Wednesday, August 05, 2009

Prof James Anaya puts spotlight on racist "intervention"

Professor James Anaya, who holds the mandate for investigating and reporting on the rights of Indigenous people under the Office of the United Nations High Commissioner for Human Rights, will visit Australia in August.

A letter welcoming Prof. Anaya is being circulated (see below) and many individuals and organizations are signing in support of its call for the reinstatement of the Racial Discrimination Act (RDA) in the Northern Territory.

The RDA was suspended by the Howard government to give effect to measures such as its quarantining of income payments to NT Aborigines.

It was claimed at the time that the measures were required in order to deal with the effects of alcoholism and of child abuse and neglect.

Whilst some individual instances of improvement have been noted, the measures have caused widespread resentment in Aboriginal communities.

The Rudd government differs little from its predecessor in its heavy-handed and paternalistic treatment of NT Aboriginal communities.

Both governments refuse to listen to and empower the communities.

There is continuing conflict around the takeover of town camps; attempts to restrict services to and drive people from homelands (“outstations”); removal of people from the CDEP scheme which, for all its faults, at least provides income in return for work; having to shop at designated stores with a “basics” card; suppression of bilingual education; failure to reduce the gap in health services and life expectancy; failure to improve and expand housing. The list goes on and on.

There is turbulence in the administration of Aboriginal affairs by the NT government. Aboriginal MP Marion Scrymgour (left) resigned as deputy head of government and minister for Indigenous Affairs and then left the Labor Party. Her replacement, another Aboriginal MP, Alison Anderson (right) threatened to resign when told that no houses had yet been built in remote communities, and that less than a third of the money in the program would be spent on housing. After giving her government a deadline for action, she followed through two days ago and resigned.

Rudd and Macklin compound the turbulence and resentment, saying that they will reinstate the RDA but continue the discriminatory and paternalistic measures of the Intervention as “special measures” allowed under the RDA for positive discrimination.

Hopefully Professor Anaya will see though all of this to what is essentially a land grab on behalf of mining giants and other business interests, and use his office to support genuine consultation with Aboriginal communities.

To sign the letter to Prof. Anaya send your name, location and email address to .


Dear Professor Anaya,
Many Australians, Aboriginal and Non-Aboriginal, are hopeful of your support in communicating the following views to the Australian government.

There is strong support for the reinstatement of the Racial Discrimination Act (RDA) in a manner which complies with human rights principles, and does not impose ‘special measures’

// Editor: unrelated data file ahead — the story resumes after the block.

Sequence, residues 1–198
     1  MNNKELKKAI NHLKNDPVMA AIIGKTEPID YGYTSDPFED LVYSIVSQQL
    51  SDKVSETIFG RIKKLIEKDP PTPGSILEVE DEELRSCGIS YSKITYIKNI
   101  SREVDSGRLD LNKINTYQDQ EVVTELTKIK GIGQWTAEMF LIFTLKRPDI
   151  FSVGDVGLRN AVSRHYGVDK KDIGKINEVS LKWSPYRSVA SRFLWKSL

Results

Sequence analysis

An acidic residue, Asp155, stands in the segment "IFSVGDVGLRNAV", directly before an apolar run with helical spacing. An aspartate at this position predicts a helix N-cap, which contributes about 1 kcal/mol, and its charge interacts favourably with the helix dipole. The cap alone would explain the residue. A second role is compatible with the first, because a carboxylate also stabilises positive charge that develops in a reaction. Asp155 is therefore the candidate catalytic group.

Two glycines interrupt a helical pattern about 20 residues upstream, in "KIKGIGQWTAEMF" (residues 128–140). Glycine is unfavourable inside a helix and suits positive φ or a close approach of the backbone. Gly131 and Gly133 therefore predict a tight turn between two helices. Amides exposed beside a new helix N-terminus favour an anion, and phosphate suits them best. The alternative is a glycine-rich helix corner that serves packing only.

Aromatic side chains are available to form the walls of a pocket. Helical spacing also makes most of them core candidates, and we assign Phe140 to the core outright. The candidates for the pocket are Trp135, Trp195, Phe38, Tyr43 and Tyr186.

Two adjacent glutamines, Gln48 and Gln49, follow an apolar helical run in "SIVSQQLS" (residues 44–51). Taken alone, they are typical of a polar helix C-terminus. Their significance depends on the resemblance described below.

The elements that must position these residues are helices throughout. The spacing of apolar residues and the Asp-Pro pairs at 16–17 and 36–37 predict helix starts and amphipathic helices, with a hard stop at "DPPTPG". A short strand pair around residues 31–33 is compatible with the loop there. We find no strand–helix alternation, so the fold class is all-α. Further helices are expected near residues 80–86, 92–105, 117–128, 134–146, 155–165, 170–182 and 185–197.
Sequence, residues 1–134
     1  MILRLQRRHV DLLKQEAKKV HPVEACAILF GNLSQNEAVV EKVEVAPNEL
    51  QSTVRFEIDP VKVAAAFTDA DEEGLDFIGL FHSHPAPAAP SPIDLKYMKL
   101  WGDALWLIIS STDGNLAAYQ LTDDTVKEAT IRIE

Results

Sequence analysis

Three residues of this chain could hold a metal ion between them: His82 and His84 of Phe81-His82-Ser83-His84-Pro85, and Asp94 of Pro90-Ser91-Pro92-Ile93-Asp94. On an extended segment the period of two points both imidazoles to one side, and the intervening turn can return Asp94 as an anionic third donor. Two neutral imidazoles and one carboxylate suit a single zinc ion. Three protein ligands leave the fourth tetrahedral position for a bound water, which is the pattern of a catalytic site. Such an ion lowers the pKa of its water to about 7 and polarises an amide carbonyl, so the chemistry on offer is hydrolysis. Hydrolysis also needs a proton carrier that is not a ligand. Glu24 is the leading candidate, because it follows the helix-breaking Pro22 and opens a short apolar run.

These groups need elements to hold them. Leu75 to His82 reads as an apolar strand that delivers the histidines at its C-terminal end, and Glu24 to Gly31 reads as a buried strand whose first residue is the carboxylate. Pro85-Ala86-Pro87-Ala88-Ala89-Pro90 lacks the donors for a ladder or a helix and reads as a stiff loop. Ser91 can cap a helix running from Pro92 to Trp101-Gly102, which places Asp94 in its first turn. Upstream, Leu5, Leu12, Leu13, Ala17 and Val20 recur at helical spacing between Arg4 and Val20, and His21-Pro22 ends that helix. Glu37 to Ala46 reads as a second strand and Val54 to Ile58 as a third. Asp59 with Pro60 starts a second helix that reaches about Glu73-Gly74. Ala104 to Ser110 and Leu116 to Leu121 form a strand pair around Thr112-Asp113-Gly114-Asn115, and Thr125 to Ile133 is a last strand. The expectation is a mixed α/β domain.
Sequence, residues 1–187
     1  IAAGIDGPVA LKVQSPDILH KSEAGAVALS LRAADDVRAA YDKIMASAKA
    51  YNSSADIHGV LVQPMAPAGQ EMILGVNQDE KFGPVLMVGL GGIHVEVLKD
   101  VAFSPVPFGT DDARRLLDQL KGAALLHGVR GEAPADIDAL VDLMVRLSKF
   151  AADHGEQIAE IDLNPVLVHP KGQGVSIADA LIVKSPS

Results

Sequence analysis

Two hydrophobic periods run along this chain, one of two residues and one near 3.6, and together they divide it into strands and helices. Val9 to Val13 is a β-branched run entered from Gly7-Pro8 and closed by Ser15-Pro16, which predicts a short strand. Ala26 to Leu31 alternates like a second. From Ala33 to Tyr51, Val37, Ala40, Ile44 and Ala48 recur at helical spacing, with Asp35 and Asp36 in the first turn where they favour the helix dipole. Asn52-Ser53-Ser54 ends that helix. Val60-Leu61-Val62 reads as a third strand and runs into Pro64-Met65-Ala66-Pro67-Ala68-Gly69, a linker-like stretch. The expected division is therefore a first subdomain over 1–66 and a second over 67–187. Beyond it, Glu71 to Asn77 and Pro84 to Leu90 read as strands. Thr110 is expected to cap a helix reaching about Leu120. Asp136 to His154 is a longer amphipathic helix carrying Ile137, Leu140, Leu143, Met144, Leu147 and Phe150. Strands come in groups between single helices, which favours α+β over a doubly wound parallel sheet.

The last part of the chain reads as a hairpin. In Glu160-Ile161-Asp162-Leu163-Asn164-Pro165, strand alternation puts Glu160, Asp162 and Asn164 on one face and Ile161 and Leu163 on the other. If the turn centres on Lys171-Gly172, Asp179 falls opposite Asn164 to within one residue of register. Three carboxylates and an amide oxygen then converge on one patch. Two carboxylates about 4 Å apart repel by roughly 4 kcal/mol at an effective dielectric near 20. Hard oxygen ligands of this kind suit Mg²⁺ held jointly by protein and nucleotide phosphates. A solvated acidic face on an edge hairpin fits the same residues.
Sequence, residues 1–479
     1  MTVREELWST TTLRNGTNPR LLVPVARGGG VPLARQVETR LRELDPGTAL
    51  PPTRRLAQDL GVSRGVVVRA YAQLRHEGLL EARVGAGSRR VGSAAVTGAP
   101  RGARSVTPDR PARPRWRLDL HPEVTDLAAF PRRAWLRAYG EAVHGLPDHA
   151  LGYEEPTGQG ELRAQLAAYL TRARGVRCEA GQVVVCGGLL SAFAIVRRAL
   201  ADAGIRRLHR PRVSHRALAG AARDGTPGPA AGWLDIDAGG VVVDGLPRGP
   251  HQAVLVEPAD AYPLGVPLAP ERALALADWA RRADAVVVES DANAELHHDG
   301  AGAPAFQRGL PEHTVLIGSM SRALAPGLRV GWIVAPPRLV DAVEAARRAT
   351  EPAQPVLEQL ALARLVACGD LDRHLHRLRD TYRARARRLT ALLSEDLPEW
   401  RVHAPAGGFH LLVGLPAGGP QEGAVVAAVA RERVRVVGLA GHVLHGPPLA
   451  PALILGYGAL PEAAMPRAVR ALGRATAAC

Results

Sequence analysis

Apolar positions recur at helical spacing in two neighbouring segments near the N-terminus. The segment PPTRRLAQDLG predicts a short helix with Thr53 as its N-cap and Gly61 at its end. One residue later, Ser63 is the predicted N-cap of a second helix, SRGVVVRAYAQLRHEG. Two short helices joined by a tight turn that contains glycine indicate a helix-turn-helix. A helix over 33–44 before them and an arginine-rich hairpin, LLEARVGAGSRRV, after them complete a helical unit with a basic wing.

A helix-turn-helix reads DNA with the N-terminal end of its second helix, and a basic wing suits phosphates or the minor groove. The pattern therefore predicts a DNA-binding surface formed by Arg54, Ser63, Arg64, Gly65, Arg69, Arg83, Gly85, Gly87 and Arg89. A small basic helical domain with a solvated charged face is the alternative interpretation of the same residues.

‘Special measures’ in their current and proposed form are discriminatory and opposed to by very many Aboriginal people

‘Special measures’ were imposed on Aboriginal people in the Northern Territory in 2007. These ‘special measures’ are racist and would have been illegal had the RDA not been suspended.
The current ‘consultations’ process based on the ‘Futures Directions - discussion paper’ is flawed and any findings must be disregarded. The document is complex, biased towards preferred government policy, written in the English language and presented without the regular use of interpreters. Consultations are not transparent and no records of meetings are available.

Government must re-commit to the recently articulated principle that ‘one size does NOT fit all’, and provide choice to individuals and communities, including the choice to accept or reject any or all of the special measures.

Re-engagement in genuine negotiation with Aboriginal elders and their representatives must be commenced as soon as possible. The process must be transparent and independent facilitators should be engaged for the purpose. In this regard attention should be paid to the statement from the National Aboriginal and Torres Strait Islander Ecumenical Commission:

As Aboriginal and Torres Strait Islander Christians, representing many different denominations and backgrounds, we are united against the NT Intervention in its current form” and ask government to, ‘Recognise the right of Aboriginal and Torres Strait Islander Peoples to negotiate agreements with governments. We stress negotiation as distinct from consulting with Aboriginal and Torres Strait Islander Peoples about the implementation of policy and programs which have already been already been developed and decided on”. (4 June 2009)

Professor Anaya, we welcome you to Australia and we call on you to encourage our government to respect and recognise the views of all Aboriginal people through genuine negotiation and respect for human rights. Consultations in their current form are manipulative and are aimed at maintaining racist legislation.

Yours sincerely,

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